Have you ever wondered “what does ham radio stand for?” In fact, the term is relatively new to the vast majority of people in the world. According to statistics, around the world today, only about 3 million people use this device.
In the article below, we will explore clearly the issues related to ham radios, including ham radio meaning and usage, why is it called ham radio, and license to use ham radio.
Table of Contents
What is a Ham Radio?
Previously, only those passionate about radio were interested in radio to know the concept of “ham radio,” also known as “amateur radio.” But nowadays, as it is more and more popular, many newbies want to learn more about it.
Amateur radio, also known as ham radio, refers to radio frequency bands for non-commercial purposes: personal entertainment, message exchange, radio engineering experiments, training, and emergency contact information.
Amateur radio is a passionate hobby that attracts many people on all continents. The term “amateur” is used to identify those who are interested in radio engineering for personal and non-profit purposes and to distinguish ham radio from commercial radio, television, stations serving public safety (such as police and fire), or professional two-way service stations (such as for maritime, aviation, taxi, etc.)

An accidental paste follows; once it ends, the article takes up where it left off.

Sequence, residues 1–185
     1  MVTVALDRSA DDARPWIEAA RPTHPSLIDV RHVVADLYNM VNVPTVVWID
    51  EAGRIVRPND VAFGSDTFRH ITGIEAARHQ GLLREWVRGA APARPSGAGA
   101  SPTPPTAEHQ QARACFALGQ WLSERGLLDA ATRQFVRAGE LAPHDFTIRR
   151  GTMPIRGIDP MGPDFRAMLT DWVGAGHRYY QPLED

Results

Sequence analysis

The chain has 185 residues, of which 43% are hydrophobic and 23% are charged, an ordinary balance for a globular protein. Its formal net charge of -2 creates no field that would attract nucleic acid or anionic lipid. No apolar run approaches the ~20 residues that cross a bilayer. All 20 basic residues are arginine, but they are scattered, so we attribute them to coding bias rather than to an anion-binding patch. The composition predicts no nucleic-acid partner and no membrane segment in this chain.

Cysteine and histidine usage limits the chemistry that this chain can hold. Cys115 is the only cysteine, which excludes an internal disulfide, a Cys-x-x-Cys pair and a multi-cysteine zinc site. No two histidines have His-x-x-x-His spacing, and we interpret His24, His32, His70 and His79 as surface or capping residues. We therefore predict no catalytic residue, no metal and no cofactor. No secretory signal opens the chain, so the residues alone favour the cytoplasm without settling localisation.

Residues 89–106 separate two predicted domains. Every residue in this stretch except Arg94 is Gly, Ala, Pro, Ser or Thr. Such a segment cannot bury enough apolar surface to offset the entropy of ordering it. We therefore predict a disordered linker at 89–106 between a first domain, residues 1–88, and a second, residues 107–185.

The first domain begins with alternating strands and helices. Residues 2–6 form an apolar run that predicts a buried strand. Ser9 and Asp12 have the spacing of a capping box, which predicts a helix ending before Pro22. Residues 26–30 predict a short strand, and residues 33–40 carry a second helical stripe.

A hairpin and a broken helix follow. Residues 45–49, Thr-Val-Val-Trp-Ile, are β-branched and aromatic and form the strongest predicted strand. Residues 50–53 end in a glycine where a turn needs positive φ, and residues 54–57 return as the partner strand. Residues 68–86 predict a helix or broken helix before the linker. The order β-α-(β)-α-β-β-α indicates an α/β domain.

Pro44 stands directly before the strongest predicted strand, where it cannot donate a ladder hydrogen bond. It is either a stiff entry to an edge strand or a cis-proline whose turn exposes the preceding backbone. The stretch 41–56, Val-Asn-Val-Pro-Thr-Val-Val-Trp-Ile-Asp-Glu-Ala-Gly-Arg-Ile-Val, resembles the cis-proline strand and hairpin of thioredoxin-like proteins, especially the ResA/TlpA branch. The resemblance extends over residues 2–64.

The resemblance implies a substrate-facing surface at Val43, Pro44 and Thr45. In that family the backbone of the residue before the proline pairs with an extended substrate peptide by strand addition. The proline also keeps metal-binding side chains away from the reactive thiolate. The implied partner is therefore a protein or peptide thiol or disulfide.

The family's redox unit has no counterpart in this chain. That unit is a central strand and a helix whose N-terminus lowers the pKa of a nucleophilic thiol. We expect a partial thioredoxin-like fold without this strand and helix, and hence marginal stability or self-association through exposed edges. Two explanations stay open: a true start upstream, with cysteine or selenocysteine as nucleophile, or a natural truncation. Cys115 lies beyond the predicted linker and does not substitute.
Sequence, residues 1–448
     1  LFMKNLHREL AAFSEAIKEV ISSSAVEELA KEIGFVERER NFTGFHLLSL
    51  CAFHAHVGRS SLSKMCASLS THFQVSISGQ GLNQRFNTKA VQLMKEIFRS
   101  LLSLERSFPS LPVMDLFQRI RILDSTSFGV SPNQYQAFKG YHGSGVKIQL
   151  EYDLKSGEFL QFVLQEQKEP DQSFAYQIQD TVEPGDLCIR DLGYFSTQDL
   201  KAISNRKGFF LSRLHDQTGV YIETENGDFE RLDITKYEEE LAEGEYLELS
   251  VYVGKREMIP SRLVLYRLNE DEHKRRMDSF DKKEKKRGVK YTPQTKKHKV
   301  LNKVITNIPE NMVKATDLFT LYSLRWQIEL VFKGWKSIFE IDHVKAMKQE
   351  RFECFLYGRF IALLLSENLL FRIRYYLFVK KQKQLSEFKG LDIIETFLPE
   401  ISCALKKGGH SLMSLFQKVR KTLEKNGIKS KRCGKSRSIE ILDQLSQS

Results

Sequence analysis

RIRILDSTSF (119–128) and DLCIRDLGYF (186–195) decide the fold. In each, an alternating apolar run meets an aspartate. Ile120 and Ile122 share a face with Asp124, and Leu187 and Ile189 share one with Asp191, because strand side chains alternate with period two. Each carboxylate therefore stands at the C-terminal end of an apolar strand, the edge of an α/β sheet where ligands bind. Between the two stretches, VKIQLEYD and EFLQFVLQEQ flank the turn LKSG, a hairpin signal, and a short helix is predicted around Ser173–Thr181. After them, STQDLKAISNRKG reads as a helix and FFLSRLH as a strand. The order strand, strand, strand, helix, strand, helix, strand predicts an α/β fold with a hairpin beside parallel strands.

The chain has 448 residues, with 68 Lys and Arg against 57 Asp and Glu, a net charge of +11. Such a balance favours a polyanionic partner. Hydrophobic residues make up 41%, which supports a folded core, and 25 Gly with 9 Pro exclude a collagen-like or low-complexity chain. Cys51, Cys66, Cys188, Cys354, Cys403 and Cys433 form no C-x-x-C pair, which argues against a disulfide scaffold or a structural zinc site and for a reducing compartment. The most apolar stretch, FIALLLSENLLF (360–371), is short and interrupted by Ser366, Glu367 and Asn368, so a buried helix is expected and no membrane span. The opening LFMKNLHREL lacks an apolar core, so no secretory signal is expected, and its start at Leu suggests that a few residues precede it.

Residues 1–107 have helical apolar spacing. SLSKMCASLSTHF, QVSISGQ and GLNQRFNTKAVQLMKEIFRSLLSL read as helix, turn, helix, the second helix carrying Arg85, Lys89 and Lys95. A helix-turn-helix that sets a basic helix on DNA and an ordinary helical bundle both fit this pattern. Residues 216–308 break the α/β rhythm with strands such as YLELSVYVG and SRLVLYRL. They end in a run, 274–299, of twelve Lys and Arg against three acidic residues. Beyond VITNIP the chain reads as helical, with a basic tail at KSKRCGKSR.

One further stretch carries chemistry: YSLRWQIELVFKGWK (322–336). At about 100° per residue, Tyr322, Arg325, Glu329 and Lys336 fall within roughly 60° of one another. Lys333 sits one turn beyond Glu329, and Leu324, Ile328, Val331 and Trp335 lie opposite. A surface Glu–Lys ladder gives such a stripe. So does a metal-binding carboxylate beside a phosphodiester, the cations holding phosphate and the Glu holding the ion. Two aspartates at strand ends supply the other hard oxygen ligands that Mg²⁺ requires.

Amateur radio activities are established under the International Telecommunication Regulations adopted by the International Telecommunication Union (ITU).
Governments license radio stations with a call sign and prescribe technical characteristics and regulations for amateur radio operations.
Radio amateurs can transmit sound, text, images, and data in a specially allocated radio frequency band that allows communication worldwide or even into space. The International Amateur Radio Union (IARU), which is divided into three regions, coordinates amateur radio activity.
What Does Ham Stand for in Ham Radio?
The HAM acronym was first used in 1908 by several members of the Harvard Radio Club, including ALBERT S. HYMAN, BOB ALMY, and POOGIE MURRAY, who operated a wireless radio station.